Knowledge To Grow – Protecting Fruit from Bird Damage

Talk to any fruit growing gardener about bird damage and you will likely hear a variety of solutions to deter them.  Birds can do so much damage to fruit, especially once it is ripe.  Crows, starlings, grackles and blackbirds, to name just a few, are notoriously destructive to fruit.  Yes, they are just doing what comes natural to them which is looking for a source of food, however there are some steps that a home gardener can take to prevent their feasting on your source of this winters jams and jellies.

There are a number of steps that can be taken to combat bird damage and most of them fall within three categories: frightening devices, mechanical barriers and habitat modification.

Consider planting serviceberry bushes, rudbeckias, sunflowers and coneflowers, whose seeds and berries birds are very fond of, in an area located away from your fruit planting.   Keep bird feeders filled with black-oil sunflower seeds and keep in mind that birds also feed on insects so they really are useful to have around.

I have found that netting works very well to protect my grapes, however, it must be installed so that it is not merely laying on top of my planting.  Birds are smart and will reach through the netting to eat the fruit.  Instead, support the netting with a system of posts and wires or twine.  Cut the bottom off of a 2-liter plastic bottle and nail it to the top of a wooden post to prevent any tears in your netting.  The netting must be anchored in the ground to prevent birds from entering. The birds will notice the change in the color of the fruit as it is ripening so apply the netting before the fruit ripens.

I’m sure many of you are familiar with the big scare-eye balloons or inflatable owls which are hung on posts every 6 to 20 feet apart.  Birds will get used to them so these generally will work to keep birds away for 10 to 14 days.  Lay out some rubber snakes and change their location every day.  Just remember where you have placed them so you don’t scare the bejeebers out of yourself.  A solar powered great horned owl statue is available whose head turns and bobs every few minutes to mimic the real thing.  I would think that would get a bird’s attention.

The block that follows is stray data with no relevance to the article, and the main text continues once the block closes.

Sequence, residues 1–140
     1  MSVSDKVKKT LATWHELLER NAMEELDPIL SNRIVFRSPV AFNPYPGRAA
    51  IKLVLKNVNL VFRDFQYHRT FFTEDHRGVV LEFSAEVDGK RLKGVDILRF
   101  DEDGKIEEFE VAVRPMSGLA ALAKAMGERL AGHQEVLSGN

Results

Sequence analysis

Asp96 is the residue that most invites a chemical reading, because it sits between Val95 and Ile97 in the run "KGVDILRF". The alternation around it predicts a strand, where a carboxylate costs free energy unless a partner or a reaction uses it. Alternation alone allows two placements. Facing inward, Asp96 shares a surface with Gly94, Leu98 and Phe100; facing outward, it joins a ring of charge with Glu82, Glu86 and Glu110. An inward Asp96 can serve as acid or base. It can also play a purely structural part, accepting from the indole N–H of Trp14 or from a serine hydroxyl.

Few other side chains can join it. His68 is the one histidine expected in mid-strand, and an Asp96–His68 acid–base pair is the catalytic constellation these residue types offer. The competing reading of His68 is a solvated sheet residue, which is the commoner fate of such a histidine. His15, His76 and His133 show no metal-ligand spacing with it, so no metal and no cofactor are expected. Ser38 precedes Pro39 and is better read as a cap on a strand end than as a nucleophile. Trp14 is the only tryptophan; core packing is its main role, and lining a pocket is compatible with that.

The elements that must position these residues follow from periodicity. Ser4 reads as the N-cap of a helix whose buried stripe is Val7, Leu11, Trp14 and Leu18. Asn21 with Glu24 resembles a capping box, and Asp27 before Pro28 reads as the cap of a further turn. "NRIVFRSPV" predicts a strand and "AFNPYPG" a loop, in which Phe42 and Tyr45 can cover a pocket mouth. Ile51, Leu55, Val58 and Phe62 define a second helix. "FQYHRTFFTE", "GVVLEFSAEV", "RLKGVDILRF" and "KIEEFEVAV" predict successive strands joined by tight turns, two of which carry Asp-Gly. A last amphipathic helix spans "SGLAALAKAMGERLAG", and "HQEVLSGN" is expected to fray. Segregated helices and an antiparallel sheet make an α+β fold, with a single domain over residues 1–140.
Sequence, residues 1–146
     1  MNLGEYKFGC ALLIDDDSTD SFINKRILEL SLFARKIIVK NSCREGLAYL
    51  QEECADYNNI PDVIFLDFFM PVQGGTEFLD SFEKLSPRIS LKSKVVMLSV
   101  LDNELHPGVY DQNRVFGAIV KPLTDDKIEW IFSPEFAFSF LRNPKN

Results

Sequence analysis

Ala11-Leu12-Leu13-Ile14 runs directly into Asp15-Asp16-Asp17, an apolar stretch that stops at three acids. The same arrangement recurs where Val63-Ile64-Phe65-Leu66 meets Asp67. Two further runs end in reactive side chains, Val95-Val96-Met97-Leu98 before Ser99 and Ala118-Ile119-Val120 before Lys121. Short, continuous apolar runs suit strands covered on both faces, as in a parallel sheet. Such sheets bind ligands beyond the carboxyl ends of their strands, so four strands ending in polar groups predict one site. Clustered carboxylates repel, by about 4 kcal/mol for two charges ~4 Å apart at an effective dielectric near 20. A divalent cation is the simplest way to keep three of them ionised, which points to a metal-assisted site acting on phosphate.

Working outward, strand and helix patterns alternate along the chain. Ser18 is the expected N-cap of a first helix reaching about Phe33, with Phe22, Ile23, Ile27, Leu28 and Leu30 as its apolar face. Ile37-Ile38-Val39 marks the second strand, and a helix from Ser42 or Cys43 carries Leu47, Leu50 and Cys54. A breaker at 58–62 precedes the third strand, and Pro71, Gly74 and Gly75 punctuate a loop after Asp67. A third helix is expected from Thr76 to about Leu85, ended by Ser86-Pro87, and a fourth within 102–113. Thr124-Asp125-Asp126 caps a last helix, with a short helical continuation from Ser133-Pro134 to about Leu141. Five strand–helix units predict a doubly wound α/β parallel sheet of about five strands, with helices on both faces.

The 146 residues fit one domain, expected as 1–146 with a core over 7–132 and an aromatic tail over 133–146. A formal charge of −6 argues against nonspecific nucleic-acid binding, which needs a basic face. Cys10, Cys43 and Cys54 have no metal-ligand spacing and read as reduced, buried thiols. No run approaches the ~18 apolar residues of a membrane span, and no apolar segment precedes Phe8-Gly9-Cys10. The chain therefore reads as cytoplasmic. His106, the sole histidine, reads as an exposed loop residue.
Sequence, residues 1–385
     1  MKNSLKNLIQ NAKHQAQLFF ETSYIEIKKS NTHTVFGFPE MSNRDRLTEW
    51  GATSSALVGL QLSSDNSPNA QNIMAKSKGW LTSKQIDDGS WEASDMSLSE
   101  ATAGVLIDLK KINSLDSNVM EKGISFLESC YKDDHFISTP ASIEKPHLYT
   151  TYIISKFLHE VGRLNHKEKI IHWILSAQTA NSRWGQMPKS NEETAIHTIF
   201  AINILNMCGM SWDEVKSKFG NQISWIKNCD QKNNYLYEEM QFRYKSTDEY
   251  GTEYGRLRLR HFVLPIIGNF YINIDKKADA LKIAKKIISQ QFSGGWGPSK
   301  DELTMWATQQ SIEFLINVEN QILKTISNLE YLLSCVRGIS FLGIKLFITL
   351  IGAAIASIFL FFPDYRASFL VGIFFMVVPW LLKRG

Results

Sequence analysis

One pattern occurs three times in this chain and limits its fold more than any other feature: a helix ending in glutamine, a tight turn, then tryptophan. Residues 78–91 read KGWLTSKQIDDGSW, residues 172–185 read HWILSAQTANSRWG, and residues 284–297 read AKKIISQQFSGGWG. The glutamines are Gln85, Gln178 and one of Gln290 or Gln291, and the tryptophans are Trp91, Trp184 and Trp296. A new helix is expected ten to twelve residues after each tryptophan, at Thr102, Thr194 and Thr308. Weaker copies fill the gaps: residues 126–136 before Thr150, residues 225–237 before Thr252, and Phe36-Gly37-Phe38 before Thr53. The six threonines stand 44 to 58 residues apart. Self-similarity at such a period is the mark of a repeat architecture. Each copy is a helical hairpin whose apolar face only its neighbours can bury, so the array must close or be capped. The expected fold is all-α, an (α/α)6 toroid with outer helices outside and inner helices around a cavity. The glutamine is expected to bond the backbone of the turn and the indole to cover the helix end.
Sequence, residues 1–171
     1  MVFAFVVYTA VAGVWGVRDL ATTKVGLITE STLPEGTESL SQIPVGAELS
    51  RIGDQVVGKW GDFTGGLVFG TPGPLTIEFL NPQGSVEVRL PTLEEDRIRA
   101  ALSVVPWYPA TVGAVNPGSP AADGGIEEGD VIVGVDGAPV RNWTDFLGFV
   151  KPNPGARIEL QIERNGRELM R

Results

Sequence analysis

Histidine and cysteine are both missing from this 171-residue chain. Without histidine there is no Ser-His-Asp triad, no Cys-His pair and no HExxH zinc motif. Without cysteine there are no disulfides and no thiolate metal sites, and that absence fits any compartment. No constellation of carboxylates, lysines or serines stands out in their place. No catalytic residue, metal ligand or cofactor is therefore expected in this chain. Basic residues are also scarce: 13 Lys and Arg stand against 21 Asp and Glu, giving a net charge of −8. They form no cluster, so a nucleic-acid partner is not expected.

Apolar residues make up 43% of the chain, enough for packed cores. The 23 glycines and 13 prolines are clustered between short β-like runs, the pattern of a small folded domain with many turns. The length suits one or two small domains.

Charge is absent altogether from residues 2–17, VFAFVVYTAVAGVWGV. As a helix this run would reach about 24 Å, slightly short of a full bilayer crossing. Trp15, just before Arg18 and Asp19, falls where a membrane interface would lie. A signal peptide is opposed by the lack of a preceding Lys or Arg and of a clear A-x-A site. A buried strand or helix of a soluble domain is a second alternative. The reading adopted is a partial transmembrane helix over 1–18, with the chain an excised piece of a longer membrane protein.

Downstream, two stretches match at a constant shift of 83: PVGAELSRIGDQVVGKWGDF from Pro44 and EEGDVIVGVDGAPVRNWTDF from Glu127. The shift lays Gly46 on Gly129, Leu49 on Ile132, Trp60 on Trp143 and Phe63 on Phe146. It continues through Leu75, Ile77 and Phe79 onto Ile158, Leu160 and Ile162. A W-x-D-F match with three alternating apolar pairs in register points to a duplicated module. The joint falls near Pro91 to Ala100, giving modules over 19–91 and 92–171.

Employing sound devices along with moving devices generally works the best.  Aluminum pie pans can be hung in pairs so that their sound and reflection, when they move, will startle birds and scare them away.

As always, Happy Gardening!

More information about gardening and related subjects can be found online. The Purdue University Cooperative Extension Service can be reached at 499-6334 in LaGrange Co., 636-2111 in Noble Co., 925-2562 in DeKalb Co. and 668-1000 in Steuben Co.

Bulb Planting and Care

    by Karen Weiland, Advanced Master Gardener     Fall is the best time to plant hardy, spring blooming bulbs and properly preparing the planting site is a must.  Good soil drainage is important to healthy bulb life so if your soil contains clay, amending it with some compost, peat moss or other organic …

Read More >

Dividing Perennials

  by Karen Weiland, Advanced Master Gardener       One of the maintenance chores of growing perennials is that of dividing them when needed.  There is no set time to do it.  Some may need it every 3 – 5 years, some 8 – 10 years and some would rather not have you touch …

Read More >

October Garden

  by Karen Weiland, Advanced Master Gardener       Some may think that, with the arrival of the cooler weather of fall, garden duties become less.  I find that not so true.  There are still many things to do, including some planting for the next   growing season.  Planting garlic for next years  harvest, sowing …

Read More >

Get your official copy of our

Destination Guide

Request Printed Guide

View E-Guide

Stay informed and sign up for the

EMAIL-Newsletter

Sign Up